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ALA’s alarming report reveals surge in attempts to censor books

By Jessica Silverio, Oct. 10, 2023

The American Library Association unveiled data underscoring attempts to censor books and materials across public, school and academic libraries during the first eight months of 2023.

The report, released by ALA’s Office for Intellectual Freedom, painted a trend in increased censorship efforts between Jan. 1 and Aug. 31, in which the OIF documented 695 attempts to censor library materials and services.

There is a challenge to 1,915 unique titles, representing a 20% increase from the same period in 2022 — a year that already held the record for the highest number of book challenges in over two decades of ALA data collection.

A significant portion of these challenges targeted books by or about individuals from marginalized communities, particularly people of color and members of the LGBTQIA+ community.

Deborah Caldwell-Stone, director of ALA’s Office for Intellectual Freedom, warns of the implications.

“These attacks on our freedom to read should trouble every person who values liberty and our constitutional rights,” said Caldwell-Stone.

She emphasizes allowing any group or individual, no matter how influential, to dictate what books are accessible poses a threat to fundamental rights and freedoms.

These challenges are not just about what books are available, but also about the people who seek books reflecting their own experiences and librarians who strive to make relevant literature accessible.

Banned Books Week is just one example of the many initiatives undertaken to raise awareness about censorship and to promote intellectual freedom. It’s a demonstration of how librarians and educators are engaging with their communities to ensure the voices of marginalized authors and perspectives are not silenced.

CPP University Library | Image Courtesy of Cal Poly Pomona

Damian Sanchez, a history student, expressed his concerns over the increasing trend of censorship in libraries.

“I really depend on the library to get my hands on all sorts of stuff, like historical books and research, especially the ones that dive deep into historical events,” said Sanchez. “But when you try to censor books in general, it’s not just my academic journey that takes a hit, it’s a whole bunch of other students too.”

The surge in censorship attempts within American libraries is a reminder of the ongoing struggle to protect intellectual freedom and access to diverse ideas. To address this critical issue, it is imperative educators, librarians, students and community members come together to safeguard the integrity of libraries and uphold the principles of democracy and free expression.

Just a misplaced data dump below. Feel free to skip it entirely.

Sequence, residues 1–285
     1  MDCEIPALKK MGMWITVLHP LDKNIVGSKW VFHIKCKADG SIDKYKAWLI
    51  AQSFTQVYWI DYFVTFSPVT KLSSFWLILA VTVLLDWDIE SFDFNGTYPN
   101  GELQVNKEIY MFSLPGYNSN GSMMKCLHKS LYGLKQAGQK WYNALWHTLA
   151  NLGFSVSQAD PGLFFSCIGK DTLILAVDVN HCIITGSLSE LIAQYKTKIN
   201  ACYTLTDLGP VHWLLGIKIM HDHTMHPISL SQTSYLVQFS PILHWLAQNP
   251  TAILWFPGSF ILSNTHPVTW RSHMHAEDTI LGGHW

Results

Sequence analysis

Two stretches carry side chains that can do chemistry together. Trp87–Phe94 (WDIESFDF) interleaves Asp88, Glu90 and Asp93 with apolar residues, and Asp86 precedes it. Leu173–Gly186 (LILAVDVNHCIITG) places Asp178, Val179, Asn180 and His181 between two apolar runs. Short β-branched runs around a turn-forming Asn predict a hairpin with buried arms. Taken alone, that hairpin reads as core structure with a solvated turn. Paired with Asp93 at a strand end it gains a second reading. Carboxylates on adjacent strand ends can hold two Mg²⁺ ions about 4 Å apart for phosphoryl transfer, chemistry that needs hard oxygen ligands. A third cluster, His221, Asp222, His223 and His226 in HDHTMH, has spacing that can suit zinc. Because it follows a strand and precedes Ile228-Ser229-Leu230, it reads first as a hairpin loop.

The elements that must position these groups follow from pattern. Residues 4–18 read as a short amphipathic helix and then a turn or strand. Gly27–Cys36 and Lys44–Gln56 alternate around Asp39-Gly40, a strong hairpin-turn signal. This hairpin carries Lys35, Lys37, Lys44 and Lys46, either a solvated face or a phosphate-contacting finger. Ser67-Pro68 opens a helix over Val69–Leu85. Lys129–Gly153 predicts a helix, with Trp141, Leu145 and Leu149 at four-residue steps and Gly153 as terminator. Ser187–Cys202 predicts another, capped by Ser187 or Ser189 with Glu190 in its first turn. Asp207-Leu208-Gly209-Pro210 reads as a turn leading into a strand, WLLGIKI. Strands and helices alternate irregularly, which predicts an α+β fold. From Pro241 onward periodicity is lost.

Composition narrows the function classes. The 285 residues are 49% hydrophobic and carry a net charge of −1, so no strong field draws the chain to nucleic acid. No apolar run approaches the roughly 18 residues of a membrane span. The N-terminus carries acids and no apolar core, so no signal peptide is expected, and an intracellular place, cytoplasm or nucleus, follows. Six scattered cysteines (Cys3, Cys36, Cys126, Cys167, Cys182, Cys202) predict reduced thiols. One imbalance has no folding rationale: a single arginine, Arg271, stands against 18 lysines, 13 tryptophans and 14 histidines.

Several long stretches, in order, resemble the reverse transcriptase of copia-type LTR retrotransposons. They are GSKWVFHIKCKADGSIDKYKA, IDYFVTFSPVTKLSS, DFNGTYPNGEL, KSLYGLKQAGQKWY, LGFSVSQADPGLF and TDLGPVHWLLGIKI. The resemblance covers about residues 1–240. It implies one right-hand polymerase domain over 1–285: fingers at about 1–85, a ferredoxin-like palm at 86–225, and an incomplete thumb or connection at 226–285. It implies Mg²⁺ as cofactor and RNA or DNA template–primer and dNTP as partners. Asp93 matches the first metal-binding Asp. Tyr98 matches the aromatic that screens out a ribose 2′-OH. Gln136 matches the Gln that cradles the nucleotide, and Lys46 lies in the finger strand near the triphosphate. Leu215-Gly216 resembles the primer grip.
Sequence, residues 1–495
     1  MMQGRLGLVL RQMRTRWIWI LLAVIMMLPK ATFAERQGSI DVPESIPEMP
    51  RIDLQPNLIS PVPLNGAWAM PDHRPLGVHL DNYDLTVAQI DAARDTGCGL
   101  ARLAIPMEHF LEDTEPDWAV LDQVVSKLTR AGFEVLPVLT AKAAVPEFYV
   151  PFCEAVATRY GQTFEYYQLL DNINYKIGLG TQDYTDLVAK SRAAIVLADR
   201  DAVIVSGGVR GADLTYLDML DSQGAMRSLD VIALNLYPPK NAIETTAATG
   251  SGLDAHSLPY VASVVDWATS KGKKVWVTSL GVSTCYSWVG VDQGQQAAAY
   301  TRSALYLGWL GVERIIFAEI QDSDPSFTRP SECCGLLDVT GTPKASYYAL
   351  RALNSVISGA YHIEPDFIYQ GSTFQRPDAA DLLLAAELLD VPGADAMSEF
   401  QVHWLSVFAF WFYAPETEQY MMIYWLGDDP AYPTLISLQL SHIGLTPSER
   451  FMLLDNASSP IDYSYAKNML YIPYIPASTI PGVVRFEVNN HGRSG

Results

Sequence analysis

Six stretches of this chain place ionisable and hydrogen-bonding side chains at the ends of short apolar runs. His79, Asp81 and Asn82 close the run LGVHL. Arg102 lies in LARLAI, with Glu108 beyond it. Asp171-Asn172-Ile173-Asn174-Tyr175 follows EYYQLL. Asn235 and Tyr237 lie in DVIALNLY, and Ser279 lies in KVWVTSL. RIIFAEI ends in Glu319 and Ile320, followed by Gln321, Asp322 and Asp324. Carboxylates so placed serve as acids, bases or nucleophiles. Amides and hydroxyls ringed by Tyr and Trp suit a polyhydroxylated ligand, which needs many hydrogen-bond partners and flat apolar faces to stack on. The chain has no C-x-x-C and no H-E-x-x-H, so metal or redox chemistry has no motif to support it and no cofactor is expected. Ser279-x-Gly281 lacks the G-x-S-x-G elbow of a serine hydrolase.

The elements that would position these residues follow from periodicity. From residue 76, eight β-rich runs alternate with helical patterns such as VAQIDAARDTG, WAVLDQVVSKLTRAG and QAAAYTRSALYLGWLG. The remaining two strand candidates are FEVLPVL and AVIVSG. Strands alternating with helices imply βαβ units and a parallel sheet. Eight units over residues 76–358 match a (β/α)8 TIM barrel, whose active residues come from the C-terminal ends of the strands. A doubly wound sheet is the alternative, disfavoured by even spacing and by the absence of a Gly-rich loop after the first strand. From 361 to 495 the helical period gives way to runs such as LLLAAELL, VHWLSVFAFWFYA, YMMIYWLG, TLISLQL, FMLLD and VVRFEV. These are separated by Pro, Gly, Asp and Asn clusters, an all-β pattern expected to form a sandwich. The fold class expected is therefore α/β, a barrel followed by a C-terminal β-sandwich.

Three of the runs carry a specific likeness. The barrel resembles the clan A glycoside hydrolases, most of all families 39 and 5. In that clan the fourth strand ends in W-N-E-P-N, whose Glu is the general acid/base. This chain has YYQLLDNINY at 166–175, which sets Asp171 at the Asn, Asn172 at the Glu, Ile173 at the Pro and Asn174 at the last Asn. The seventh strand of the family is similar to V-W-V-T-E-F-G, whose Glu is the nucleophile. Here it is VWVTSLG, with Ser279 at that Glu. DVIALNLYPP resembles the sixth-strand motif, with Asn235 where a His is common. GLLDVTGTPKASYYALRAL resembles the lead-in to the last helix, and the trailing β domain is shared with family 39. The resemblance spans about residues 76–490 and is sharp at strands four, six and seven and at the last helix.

Abigail Lewis, a liberal studies student, also made her voice heard over the surge of banned books occurring.

“I’m someone who tends to read a lot, whether it’s for class or for my own enjoyment,” said Lewis. “I’m completely against the idea of banning or censoring books in libraries. Literature is meant to challenge us, provoke thought and provide diverse perspectives on the world.”

The rise in books challenges, particularly those shedding light on the experiences of marginalized communities, is a reflection of the broader societal debates surrounding identity, representation and inclusion. The suppression of such materials not only hinders individual growth but also stifles collective progress.

Hannah Cole, an assistant librarian at the CPP library, provided some insight on whether this could affect Instant Access.

“It’s yes and no,” said Cole. “It depends on whether a professor wants to recommend a particular book for the class they’re teaching on the syllabus or not.”

Cole didn’t express too much concern about this affecting Instant Access, but she acknowledged the increasing trend of censorship in libraries is a matter of concern, which is why the CPP library will be holding Banned Books Week.

“Banned Books Week is an event we’ll be holding at the library where we will be setting up a display table with a selection of banned and challenged books to spread awareness,” said Cole. “Students will be able to ask the librarians any questions or information about them.”

The Banned Books Week display will be up at the library from Oct. 1 to 6 and librarians will be available for questions Thursday Oct. 5 from 12 to 1 p.m. on the second floor of the library near the circulation desk.

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